6. How the sale will impact your beneficiaries
Selling a life insurance policy can have multiple effects on the people who would otherwise receive the proceeds from your coverage :
- Reduced inheritance: Selling your life insurance policy could lead to a lower or no payout for your beneficiaries when you pass away. The money from the policy would instead go to the new owner.
- Financial security: If your beneficiaries planned to use the life insurance payout to cover specific costs like mortgage or funeral expenses, selling the policy could leave them struggling to meet those financial needs.
- Altered estate plans: Selling your life insurance might disrupt the estate planning strategy you had in place, potentially causing complexities in asset distribution and impacting the intended financial support for your loved ones.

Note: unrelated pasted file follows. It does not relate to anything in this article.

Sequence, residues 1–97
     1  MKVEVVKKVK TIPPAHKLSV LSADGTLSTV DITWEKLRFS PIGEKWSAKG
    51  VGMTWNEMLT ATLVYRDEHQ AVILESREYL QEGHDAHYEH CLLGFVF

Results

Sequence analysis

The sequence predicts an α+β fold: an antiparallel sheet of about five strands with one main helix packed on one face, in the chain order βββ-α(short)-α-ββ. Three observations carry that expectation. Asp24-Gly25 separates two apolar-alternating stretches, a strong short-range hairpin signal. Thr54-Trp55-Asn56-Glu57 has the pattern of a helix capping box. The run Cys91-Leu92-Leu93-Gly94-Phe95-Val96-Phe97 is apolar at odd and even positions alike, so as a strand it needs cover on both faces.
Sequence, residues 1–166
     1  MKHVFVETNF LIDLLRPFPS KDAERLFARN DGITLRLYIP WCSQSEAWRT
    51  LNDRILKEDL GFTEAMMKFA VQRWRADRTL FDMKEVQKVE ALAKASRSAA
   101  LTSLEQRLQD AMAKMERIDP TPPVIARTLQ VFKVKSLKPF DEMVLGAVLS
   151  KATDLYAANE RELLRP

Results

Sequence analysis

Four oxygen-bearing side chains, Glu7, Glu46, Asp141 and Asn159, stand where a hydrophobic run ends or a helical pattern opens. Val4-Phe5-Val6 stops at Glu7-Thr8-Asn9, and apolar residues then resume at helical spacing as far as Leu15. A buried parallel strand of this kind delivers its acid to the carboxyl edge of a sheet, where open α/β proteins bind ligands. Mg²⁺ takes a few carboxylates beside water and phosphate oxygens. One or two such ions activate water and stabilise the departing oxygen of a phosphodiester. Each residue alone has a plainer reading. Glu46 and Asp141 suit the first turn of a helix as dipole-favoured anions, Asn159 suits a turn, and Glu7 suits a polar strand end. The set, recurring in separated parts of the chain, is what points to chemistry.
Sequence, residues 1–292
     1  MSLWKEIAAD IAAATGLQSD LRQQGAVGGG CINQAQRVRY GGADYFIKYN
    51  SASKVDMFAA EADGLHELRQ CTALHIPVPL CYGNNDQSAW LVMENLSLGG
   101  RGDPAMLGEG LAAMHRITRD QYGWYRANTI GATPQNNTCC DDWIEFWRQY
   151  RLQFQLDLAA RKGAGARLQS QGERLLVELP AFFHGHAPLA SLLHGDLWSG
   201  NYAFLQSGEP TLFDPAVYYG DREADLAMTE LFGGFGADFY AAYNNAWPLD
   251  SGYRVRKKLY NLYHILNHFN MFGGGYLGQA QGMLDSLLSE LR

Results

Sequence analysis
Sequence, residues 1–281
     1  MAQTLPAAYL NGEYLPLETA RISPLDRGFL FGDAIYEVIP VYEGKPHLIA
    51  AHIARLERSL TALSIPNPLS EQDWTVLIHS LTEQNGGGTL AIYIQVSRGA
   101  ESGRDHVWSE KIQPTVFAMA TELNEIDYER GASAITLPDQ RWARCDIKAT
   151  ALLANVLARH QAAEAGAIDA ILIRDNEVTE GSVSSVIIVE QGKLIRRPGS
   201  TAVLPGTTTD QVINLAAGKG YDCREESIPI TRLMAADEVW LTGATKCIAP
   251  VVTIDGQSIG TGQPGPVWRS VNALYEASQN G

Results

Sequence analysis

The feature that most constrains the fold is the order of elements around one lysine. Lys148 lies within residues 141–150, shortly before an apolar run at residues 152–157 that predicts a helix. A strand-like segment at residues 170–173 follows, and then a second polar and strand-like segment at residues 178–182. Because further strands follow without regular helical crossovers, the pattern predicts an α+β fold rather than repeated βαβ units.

- Loss of asset protection: Life insurance policies can offer a degree of protection against creditors. Selling the policy might expose your beneficiaries, affecting their financial security.
7. Alternatives to selling or surrendering your life insurance policy
There are alternatives to the sale or full surrender of your life insurance policy that might suit your needs better, including the following:
- Policy loans: If you have permanent (rather than term) coverage, you can borrow money from your life insurance policy's cash value. Such a loan doesn't involve selling the policy and, provided the money is repaid, can allow you access to funds without impacting your beneficiaries.
- Partial surrender: You can withdraw a portion of your policy's cash value while keeping the coverage intact. This allows you to access funds without completely giving up your life insurance protection.